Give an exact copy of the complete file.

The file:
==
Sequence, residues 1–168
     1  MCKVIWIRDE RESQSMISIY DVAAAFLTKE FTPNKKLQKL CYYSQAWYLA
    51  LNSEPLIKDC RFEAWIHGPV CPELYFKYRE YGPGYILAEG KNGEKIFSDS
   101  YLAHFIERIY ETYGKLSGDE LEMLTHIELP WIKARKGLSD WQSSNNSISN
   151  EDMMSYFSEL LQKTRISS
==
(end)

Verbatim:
Sequence, residues 1–168
     1  MCKVIWIRDE RESQSMISIY DVAAAFLTKE FTPNKKLQKL CYYSQAWYLA
    51  LNSEPLIKDC RFEAWIHGPV CPELYFKYRE YGPGYILAEG KNGEKIFSDS
   101  YLAHFIERIY ETYGKLSGDE LEMLTHIELP WIKARKGLSD WQSSNNSISN
   151  EDMMSYFSEL LQKTRISS